CEO of Easygenerator

For me inter vision is one of the most valuable forms of counseling. I’m in the lucky position that I am part of an inter vision group that exists since 1999. In 1998/1999 I followed a change management course. To aid us in the individual learning process they formed inter vision groups. After the course finished we merged two inter vision groups into one and started with seven people. Now 12 years later we are still active, have 5 members and meet 4 or 5 times per year. Most of the time we deal with professional questions and problems, sometimes there is a more private subject.

How does it work?

One of the members of the group comes up with a question and you organize a dialog (no discussion) around this question. It takes about an hour to deal with one question. The discussion is strictly organized by using a specific method/format. There are a whole bundle of them, but most of the times we use the ‘Ten steps method’.

Step 1 Owner explains situation and formulates question
Step 2 Assistants ask questions to clarify the situation
Step 3 Assistants reformulate the question (write them down)
Step 4 Owner categorizes the questions in warm, neutral and cold (no discussion)
Step 5 Owner answers the warm questions (no discussion)
Step 6 Assistants ask questions to get more in depth insight
Step 7 Assistants reformulate the question of the owner (write them down)
Step 8 Owner reformulates his question
Step 9 Assistants give advice
Step 10 Evaluation

Through this method you will find the question behind the question and you will gain new insights in your problem/question. The great thing is that the other group members will look at your question from perspectives you never even considered, thus creating new openings and possibilities.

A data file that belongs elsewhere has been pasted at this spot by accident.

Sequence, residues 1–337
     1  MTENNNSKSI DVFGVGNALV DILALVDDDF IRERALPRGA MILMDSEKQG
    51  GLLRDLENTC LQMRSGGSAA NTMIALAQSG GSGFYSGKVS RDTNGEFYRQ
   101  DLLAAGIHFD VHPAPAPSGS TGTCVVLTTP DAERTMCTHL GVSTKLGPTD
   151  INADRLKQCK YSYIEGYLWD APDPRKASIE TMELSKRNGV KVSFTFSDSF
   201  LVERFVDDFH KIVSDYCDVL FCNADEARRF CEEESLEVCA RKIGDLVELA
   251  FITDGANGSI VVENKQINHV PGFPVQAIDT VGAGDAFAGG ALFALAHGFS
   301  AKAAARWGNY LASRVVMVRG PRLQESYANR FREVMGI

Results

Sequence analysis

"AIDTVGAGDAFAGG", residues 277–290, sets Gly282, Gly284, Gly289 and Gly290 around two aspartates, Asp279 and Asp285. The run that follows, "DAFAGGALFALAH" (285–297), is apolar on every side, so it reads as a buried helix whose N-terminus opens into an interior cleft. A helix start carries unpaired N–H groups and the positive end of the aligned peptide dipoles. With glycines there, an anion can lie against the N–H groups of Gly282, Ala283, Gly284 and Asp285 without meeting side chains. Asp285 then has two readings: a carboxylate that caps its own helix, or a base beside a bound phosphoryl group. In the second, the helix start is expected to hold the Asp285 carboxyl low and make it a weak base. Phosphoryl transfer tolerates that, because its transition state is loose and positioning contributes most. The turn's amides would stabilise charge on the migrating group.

Organizing the dialog in a structural way is very important. In our group we got more and more informal, after a few years we were more a group of friends then an inter vision group. We lost the structure and paid for it dearly; it led to some bad results. After that we went back to the structure and the results are astonishing. We never again had a bad session or came up with a bad advice.


Structure is one, you can have an  process leader who guards the process and doesn’t participate, we always assign that task to somebody of  the group, so he or she has two roles. This works fine for us.  Trust is definitely another requirement. If the group isn’t save it will not work. The group I have has no connection with my private life or my work. This makes it very easy, whatever you say, there is no negative impact on your every day live. But you have to trust each group member on a personal level. The third element of success is probably the composition of the group. Our group of five has in common that we followed the same course 12 years ago and our ages are more or less the same. But for the rest we are as different as we can be, both on a personal level as on a professional level. This adds a lot to the value. The last thing is that we got to know each other very well and we know each others history,  therefore we can refer to issues from the past; old patterns are often visible to the others but not to yourself.

All in all, I can recommend this to everybody. It really is one of the most valuable personal learning methods I know.

· · · · ·

No related posts found...